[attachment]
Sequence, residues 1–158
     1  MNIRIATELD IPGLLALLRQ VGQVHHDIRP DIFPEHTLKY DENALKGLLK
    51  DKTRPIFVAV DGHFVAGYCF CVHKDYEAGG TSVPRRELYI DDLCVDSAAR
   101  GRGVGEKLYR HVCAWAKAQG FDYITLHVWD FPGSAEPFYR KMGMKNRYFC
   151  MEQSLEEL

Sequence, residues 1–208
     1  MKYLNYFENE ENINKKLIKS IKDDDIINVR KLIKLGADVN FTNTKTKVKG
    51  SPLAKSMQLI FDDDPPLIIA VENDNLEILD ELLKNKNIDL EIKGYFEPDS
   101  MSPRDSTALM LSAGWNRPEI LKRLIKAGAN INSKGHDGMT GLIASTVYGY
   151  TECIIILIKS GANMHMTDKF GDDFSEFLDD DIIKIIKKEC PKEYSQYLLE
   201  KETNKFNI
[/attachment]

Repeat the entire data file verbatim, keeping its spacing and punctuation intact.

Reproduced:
Sequence, residues 1–158
     1  MNIRIATELD IPGLLALLRQ VGQVHHDIRP DIFPEHTLKY DENALKGLLK
    51  DKTRPIFVAV DGHFVAGYCF CVHKDYEAGG TSVPRRELYI DDLCVDSAAR
   101  GRGVGEKLYR HVCAWAKAQG FDYITLHVWD FPGSAEPFYR KMGMKNRYFC
   151  MEQSLEEL

Sequence, residues 1–208
     1  MKYLNYFENE ENINKKLIKS IKDDDIINVR KLIKLGADVN FTNTKTKVKG
    51  SPLAKSMQLI FDDDPPLIIA VENDNLEILD ELLKNKNIDL EIKGYFEPDS
   101  MSPRDSTALM LSAGWNRPEI LKRLIKAGAN INSKGHDGMT GLIASTVYGY
   151  TECIIILIKS GANMHMTDKF GDDFSEFLDD DIIKIIKKEC PKEYSQYLLE
   201  KETNKFNI